The town was controlled by the British and Spanish (briefly) before the Revolutionary War and eventually became home to the second largest slave trade in the country (after New Orleans).
Despite its connection to slavery, there were no Civil War battles in Natchez, and the town survived, largely intact. The town as a whole opposed succession, and many of the residents at the time had moved there from the North. This is why the town, and its nearly 700 antebellum homes, was not burned by Union troops.
Today, Natchez exudes a small town feel while displaying its majestic past. There are roughly fifteen thousand inhabitants in Natchez, which represents about half of the population of Adams County for which Natchez is the county seat.
A few locals described Natchez as a “typical river town with bars that rarely close and gambling.” Some call it the “Little Easy” a calmer, more restrained version of the much more well-known “Big Easy” two and a half hours to the South.
In the century following the end of the Civil War, many of the homes in Natchez were abandoned and fell into disrepair, but in the 1970s, the Natchez Historic Foundation stepped in and preserved many of the historic buildings.
Today, many of those homes are open to the public particularly during the Fall Pilgrimage, where residents (called Natcheesians) dress in 19th century dress and give tours of the homes that have stood for nearly two centuries. Many visitors, lured by the charms of Natchez, choose to stay, thus becoming Natchoosians.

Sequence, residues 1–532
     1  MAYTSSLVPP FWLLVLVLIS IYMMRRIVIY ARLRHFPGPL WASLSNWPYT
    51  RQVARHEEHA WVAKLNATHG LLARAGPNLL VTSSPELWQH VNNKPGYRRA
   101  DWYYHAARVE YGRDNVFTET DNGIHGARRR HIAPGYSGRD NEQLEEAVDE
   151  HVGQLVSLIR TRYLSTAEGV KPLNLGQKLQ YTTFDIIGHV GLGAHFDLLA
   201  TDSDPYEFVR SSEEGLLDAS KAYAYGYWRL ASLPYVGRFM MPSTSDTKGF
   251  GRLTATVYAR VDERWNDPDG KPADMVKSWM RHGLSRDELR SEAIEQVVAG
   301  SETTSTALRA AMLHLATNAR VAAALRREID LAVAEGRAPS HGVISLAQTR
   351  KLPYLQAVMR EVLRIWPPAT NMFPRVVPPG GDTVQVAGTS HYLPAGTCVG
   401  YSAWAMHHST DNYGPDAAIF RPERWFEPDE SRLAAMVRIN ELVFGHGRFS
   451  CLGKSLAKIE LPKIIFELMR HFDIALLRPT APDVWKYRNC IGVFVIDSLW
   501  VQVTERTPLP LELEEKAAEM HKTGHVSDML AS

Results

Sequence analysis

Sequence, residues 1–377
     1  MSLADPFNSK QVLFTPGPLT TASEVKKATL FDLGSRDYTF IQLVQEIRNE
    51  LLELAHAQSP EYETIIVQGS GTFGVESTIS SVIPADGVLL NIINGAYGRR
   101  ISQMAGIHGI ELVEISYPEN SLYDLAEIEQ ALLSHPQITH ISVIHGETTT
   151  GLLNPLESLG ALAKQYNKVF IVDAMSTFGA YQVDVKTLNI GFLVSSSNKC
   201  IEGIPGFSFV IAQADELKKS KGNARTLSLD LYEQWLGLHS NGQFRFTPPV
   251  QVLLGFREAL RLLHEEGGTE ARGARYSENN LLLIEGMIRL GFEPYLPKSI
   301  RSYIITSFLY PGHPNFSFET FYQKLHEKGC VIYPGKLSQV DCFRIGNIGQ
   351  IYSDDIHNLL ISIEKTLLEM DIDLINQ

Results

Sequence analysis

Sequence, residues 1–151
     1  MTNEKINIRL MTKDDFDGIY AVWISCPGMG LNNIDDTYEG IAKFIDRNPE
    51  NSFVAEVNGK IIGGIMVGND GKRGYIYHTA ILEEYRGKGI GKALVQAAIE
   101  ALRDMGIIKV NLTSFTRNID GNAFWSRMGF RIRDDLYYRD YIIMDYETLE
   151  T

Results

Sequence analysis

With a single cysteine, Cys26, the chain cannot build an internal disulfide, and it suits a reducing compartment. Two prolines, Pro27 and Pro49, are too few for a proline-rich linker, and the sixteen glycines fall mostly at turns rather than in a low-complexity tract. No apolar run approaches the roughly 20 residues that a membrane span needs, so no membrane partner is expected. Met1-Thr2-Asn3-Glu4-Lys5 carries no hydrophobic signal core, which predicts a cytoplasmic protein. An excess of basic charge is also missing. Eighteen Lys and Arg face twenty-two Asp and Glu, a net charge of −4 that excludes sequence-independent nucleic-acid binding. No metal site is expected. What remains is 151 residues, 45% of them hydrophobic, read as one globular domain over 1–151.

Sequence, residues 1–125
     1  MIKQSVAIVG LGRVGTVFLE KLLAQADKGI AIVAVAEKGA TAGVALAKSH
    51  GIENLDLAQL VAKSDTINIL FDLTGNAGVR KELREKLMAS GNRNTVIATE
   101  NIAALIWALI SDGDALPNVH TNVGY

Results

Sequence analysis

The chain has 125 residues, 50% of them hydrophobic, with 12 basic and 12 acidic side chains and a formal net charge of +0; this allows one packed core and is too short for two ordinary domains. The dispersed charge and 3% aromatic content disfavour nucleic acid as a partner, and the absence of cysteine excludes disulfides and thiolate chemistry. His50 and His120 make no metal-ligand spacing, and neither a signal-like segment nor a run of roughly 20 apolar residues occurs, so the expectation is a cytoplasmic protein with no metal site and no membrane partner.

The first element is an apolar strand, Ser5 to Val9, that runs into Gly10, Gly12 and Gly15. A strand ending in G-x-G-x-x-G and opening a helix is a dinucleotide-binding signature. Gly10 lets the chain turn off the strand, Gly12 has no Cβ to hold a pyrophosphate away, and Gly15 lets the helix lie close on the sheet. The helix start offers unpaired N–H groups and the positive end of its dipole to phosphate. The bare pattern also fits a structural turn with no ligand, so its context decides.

Tourism is main industry of the town, with festivals and celebrations throughout the year, including the Natchez Food and Wine Festival (July), the Natchez Biscuit Festival (September–Natchez is the biscuit capital of the world), and the Great Mississippi River Balloon Race (October). As one might assume, there are dozens of Bed and Breakfasts in the city as well as VRBO and Air B&B options.
Mardi Gras is also a popular attraction in Natchez, but it is a smaller, tamer, more family oriented version of the New Orleans extravaganza, culminating in Natchez the Sunday before Fat Tuesday.
Natchez is also facing its troubled past as some slave houses have been restored and educational programs have been established to confront its connection to that part of the American experience.
I have to be honest, I had a ton of preconceived notions about Mississippi before my visit to Natchez. While getting my doctorate, nearly every study of education in the U.S. had Mississippi at the bottom (if I recall correctly, it was either 49th or 50th in every study). It has also been identified as one of the most unhealthy states in the country, with over a third of its residents identified as obese.
Many of the Mississippians I spoke to were well aware of the perception of their state by outsiders, often mentioning those statistics unprovoked, they still were proud of their state and particularly their town.
I hope that, in the end, my Canadian cyclist “friend” rode all the way into Natchez and stayed there for a spell. Sure, this country has a lot of difficult moments in its past, but Natchez seems far ahead of the curve in addressing, even embracing them.